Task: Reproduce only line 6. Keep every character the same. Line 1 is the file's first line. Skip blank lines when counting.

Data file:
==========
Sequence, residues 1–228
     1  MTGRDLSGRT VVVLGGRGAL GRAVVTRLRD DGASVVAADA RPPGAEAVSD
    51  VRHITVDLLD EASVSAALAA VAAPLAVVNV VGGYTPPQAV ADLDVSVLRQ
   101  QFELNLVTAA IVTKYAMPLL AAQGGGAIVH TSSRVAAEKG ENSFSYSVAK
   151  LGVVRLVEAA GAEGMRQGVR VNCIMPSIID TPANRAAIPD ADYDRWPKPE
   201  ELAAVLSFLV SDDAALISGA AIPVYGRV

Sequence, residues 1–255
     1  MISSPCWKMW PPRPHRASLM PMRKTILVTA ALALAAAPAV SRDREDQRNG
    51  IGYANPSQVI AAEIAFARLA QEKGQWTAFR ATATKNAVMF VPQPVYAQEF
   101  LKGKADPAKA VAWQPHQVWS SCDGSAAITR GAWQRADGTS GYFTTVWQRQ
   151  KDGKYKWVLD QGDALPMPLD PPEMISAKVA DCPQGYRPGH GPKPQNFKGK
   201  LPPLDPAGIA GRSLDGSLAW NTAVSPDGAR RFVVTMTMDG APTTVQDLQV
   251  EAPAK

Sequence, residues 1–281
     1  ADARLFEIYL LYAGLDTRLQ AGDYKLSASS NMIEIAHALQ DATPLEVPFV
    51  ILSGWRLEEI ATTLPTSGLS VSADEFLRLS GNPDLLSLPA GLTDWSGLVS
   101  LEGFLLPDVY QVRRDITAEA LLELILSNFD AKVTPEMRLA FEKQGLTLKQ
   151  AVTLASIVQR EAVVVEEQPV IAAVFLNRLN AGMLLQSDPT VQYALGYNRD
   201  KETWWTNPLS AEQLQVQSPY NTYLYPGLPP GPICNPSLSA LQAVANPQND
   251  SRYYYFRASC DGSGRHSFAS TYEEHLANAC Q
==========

   201  ELAAVLSFLV SDDAALISGA AIPVYGRV